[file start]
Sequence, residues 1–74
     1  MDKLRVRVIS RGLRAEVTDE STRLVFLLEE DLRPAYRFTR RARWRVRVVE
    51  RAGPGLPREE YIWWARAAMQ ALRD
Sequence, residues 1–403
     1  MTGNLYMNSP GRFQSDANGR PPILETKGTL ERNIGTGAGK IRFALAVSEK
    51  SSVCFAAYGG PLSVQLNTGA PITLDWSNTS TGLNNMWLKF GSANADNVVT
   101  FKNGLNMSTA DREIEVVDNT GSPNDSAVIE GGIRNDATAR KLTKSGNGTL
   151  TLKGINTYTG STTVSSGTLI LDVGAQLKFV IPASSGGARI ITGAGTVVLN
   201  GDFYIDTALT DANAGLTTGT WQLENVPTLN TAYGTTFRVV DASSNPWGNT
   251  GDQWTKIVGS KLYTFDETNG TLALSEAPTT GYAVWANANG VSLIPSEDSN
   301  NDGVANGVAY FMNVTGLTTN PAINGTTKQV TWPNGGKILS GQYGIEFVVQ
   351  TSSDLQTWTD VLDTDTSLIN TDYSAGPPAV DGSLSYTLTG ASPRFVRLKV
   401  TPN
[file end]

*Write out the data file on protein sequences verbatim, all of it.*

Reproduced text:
Sequence, residues 1–74
     1  MDKLRVRVIS RGLRAEVTDE STRLVFLLEE DLRPAYRFTR RARWRVRVVE
    51  RAGPGLPREE YIWWARAAMQ ALRD
Sequence, residues 1–403
     1  MTGNLYMNSP GRFQSDANGR PPILETKGTL ERNIGTGAGK IRFALAVSEK
    51  SSVCFAAYGG PLSVQLNTGA PITLDWSNTS TGLNNMWLKF GSANADNVVT
   101  FKNGLNMSTA DREIEVVDNT GSPNDSAVIE GGIRNDATAR KLTKSGNGTL
   151  TLKGINTYTG STTVSSGTLI LDVGAQLKFV IPASSGGARI ITGAGTVVLN
   201  GDFYIDTALT DANAGLTTGT WQLENVPTLN TAYGTTFRVV DASSNPWGNT
   251  GDQWTKIVGS KLYTFDETNG TLALSEAPTT GYAVWANANG VSLIPSEDSN
   301  NDGVANGVAY FMNVTGLTTN PAINGTTKQV TWPNGGKILS GQYGIEFVVQ
   351  TSSDLQTWTD VLDTDTSLIN TDYSAGPPAV DGSLSYTLTG ASPRFVRLKV
   401  TPN